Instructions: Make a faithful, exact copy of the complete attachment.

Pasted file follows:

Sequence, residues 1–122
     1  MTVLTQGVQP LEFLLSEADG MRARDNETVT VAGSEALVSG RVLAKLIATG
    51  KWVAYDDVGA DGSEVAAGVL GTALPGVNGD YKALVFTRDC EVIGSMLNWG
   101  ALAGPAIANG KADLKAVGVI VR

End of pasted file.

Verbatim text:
Sequence, residues 1–122
     1  MTVLTQGVQP LEFLLSEADG MRARDNETVT VAGSEALVSG RVLAKLIATG
    51  KWVAYDDVGA DGSEVAAGVL GTALPGVNGD YKALVFTRDC EVIGSMLNWG
   101  ALAGPAIANG KADLKAVGVI VR